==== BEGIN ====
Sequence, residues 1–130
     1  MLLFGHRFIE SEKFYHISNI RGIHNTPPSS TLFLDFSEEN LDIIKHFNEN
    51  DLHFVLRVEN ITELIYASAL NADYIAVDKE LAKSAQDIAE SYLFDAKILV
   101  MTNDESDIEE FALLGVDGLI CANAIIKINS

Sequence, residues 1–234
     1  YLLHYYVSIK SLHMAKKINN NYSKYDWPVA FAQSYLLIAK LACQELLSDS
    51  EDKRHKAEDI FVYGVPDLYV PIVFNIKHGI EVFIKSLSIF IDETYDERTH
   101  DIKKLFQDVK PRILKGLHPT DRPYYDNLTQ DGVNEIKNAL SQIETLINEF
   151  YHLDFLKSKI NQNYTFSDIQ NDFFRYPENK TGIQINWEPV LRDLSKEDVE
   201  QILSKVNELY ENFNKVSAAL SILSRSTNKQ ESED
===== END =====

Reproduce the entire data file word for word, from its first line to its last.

Sequence, residues 1–130
     1  MLLFGHRFIE SEKFYHISNI RGIHNTPPSS TLFLDFSEEN LDIIKHFNEN
    51  DLHFVLRVEN ITELIYASAL NADYIAVDKE LAKSAQDIAE SYLFDAKILV
   101  MTNDESDIEE FALLGVDGLI CANAIIKINS

Sequence, residues 1–234
     1  YLLHYYVSIK SLHMAKKINN NYSKYDWPVA FAQSYLLIAK LACQELLSDS
    51  EDKRHKAEDI FVYGVPDLYV PIVFNIKHGI EVFIKSLSIF IDETYDERTH
   101  DIKKLFQDVK PRILKGLHPT DRPYYDNLTQ DGVNEIKNAL SQIETLINEF
   151  YHLDFLKSKI NQNYTFSDIQ NDFFRYPENK TGIQINWEPV LRDLSKEDVE
   201  QILSKVNELY ENFNKVSAAL SILSRSTNKQ ESED